A morning’s wisp of ranch air
a sullen reprieve to night’s whisk and gin
steel sleeping in with skin and bone
but where am I going then?
Perhaps to death
in that barren hole in the head
My eyeslids remind me once, then
unknowable times again
lock the bolt
safe or not
like sanbiki no saru…
Wake up, they whispered
as a shock to the back of the neck
uprooting my tongue
from the dust clay dawn
I saw them through crust and haze
and wondered where my mind is?
Pick up the rifle they said
you’ll see us both
for maybe a second more
and that’s it
a slide click
too tired to breathe, witless
enough to squeeze
the fortune goes off
to find another
and for us
we are dumb shot
by each other
There’s a saying about luck, “The good or bad of it is nothing but the same”. Newton knew it, maybe he was a Taoist too. Me? I’m a first timer. I don’t know those laws and that was good enough to cheer about, which made a fine welcome beer to Encinal Texas. It smelled of spent steer horns and rusty pump jacks but there was something else in this place. Buddy, his son-in-law Brandon, his grandson Brandon G, and the long line of ranchers going back 200 years to the Spanish land grants, were kind enough to extend their welcome to me and my friends. His ranch hand vaqueros, criadas, and especially the ninera who took care of his daughter’s son while she was away on a mommy spa weekend in Laredo, reminded me of my own mother-in-law. They are the real grit of what was once Mexico. I could see them in Buddy’s eyes and face. He was humble like his stature and an uncountable multiple of his 5,500 acres of a man. Of course, that’s the history of it but I was bunking in the brand new Lecho Del Rio house with granite, AC, a 30 point buck and a mountain lion staring down at me. This isn’t the hard way for sure. It did make sense though, those pump jacks have been replaced by massive mud/oil/water separators and 10,000HP fracking pumps. The steer horns now bow and stand with Blackbuck horns, Giraffes and even the rare elusive south Texan Moose (that’s one of those top drive, Jack Daniels swigging, funnin New Yorkers kind of joke). It turn’s out, this place wasn’t for blood thirsty, gun toting Neanderthals. As far as conservation goes, I learned it is more like the Ark.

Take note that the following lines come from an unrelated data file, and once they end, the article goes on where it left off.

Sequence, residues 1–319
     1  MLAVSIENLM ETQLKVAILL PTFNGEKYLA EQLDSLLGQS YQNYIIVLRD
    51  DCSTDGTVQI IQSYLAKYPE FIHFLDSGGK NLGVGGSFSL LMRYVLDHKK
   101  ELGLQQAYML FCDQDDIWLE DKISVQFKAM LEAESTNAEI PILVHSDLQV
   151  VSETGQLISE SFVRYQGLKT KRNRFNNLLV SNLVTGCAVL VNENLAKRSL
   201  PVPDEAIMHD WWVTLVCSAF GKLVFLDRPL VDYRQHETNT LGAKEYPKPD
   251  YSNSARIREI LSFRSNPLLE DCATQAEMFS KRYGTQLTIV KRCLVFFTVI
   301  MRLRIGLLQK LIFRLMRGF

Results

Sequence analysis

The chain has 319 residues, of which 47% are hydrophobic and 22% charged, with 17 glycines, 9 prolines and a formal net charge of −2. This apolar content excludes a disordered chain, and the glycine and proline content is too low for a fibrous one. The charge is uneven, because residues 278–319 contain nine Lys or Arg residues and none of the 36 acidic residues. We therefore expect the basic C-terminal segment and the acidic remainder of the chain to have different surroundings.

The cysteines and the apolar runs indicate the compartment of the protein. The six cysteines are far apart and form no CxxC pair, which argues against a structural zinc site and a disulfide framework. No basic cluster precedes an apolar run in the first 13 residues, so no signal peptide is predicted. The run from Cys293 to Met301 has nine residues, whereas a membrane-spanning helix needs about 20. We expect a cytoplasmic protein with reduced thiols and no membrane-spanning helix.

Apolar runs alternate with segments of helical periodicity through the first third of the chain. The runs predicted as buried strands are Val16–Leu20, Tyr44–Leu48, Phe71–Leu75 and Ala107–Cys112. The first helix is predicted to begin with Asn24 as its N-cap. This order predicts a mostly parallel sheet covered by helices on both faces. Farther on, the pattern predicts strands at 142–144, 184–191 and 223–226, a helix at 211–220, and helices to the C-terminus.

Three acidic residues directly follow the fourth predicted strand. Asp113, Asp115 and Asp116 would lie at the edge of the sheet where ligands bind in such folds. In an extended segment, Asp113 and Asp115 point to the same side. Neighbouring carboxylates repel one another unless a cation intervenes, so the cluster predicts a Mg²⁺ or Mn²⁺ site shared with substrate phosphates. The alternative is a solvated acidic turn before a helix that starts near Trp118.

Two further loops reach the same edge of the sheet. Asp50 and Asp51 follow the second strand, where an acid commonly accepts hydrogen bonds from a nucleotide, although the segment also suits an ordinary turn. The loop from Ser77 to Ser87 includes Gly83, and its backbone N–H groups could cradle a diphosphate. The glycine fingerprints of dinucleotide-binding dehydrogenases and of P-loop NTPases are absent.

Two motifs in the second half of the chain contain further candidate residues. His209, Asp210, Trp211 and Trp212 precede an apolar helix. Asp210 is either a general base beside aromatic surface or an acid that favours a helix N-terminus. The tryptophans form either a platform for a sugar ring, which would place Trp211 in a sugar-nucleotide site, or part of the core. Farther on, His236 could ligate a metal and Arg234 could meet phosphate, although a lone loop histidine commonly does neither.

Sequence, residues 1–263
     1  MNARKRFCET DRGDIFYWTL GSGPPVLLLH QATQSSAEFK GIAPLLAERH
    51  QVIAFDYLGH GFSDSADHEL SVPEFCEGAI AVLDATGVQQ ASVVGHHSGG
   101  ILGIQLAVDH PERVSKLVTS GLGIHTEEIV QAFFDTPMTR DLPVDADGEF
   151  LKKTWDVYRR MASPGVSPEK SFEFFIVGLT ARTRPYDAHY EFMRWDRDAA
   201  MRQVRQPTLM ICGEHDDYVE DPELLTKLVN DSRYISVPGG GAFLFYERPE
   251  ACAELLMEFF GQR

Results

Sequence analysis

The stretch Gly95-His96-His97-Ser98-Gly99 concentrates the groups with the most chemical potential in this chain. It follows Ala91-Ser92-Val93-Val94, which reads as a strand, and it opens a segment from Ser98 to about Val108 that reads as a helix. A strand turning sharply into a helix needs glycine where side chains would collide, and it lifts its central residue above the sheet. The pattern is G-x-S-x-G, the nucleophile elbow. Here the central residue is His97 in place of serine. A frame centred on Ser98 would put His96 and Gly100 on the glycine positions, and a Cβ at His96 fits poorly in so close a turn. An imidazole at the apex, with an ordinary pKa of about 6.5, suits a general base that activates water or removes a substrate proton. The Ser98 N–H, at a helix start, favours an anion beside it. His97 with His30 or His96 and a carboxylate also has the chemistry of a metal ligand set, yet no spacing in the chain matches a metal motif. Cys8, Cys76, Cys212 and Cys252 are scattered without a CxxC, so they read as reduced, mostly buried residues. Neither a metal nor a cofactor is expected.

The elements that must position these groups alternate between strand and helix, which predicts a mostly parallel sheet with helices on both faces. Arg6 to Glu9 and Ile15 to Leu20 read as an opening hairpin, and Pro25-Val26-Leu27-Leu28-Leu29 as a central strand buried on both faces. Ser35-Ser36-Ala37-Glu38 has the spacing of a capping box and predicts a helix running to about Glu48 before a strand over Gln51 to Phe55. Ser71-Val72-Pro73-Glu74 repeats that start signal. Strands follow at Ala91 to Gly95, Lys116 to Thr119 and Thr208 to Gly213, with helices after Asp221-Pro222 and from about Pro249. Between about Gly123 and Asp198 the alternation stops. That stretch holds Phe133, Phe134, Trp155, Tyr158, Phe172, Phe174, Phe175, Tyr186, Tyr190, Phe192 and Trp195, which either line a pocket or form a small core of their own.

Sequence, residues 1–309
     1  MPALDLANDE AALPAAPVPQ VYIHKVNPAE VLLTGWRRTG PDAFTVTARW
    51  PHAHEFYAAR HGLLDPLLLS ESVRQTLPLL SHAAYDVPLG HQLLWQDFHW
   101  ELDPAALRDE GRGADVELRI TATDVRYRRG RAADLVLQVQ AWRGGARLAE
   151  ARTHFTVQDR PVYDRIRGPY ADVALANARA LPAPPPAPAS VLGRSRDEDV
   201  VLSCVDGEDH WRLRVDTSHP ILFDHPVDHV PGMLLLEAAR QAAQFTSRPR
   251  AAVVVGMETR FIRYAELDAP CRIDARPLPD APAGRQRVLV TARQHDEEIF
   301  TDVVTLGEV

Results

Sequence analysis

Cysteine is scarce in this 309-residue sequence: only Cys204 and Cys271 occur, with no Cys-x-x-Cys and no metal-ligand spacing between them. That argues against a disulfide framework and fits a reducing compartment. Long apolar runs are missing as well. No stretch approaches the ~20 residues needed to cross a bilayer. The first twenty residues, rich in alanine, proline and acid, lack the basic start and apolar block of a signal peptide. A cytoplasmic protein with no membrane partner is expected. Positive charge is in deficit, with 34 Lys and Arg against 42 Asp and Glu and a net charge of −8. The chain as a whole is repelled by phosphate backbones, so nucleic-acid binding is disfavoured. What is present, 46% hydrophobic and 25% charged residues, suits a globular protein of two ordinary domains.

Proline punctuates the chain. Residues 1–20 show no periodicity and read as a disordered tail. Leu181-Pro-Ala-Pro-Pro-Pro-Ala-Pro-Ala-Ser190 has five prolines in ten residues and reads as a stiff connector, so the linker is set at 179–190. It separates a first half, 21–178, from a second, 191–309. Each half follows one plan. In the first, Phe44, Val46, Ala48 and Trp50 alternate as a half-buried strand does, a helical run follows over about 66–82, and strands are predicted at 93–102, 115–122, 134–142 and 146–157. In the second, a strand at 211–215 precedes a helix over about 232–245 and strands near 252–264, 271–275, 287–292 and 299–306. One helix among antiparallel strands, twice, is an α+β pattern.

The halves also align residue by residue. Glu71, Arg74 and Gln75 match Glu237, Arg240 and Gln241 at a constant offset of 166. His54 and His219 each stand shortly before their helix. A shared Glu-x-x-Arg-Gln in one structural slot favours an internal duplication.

The first night out in Brandon’s pickup felt like riding on the roof of a college bus through the bush. The top frame swivel seats, long shaft controls, beer cooler, TX/NY sarcastic banter, and the open whiskey bottle shuffle, must have made the hogs and Javelinas laugh themselves to sleep. My cousin John, the south Texan spider eye spotting expert that he is, directed Brandon right into a sunken grass soft spot of bentonite. His top drive pickup is half a functioning 4WD so we got to make use of my clean boots and drunk ass shoveling skills. Where I’m from, dirt is sand, but this stuff gets wet like honey and corn meal, tastes like asbestos, and sticks on till hell dries it out. Pablo and Hector arrived after a few more swigs and failed attempts to “get your knees in it”. Brandon G’s 4x4 Sierra had no problem with us. Judging by the way the chains flew on, these guys could have pulled a Pleurocoelus, alive, right out of the Eagle’s Ford Shale. They were laughing, I am thinking with us, but I don’t speak Spanish so I’ll assume not. They went back smiling and let us be on our way drinking and riding to a 3:10 am mule kick end. We didn’t even see animals in our sleep.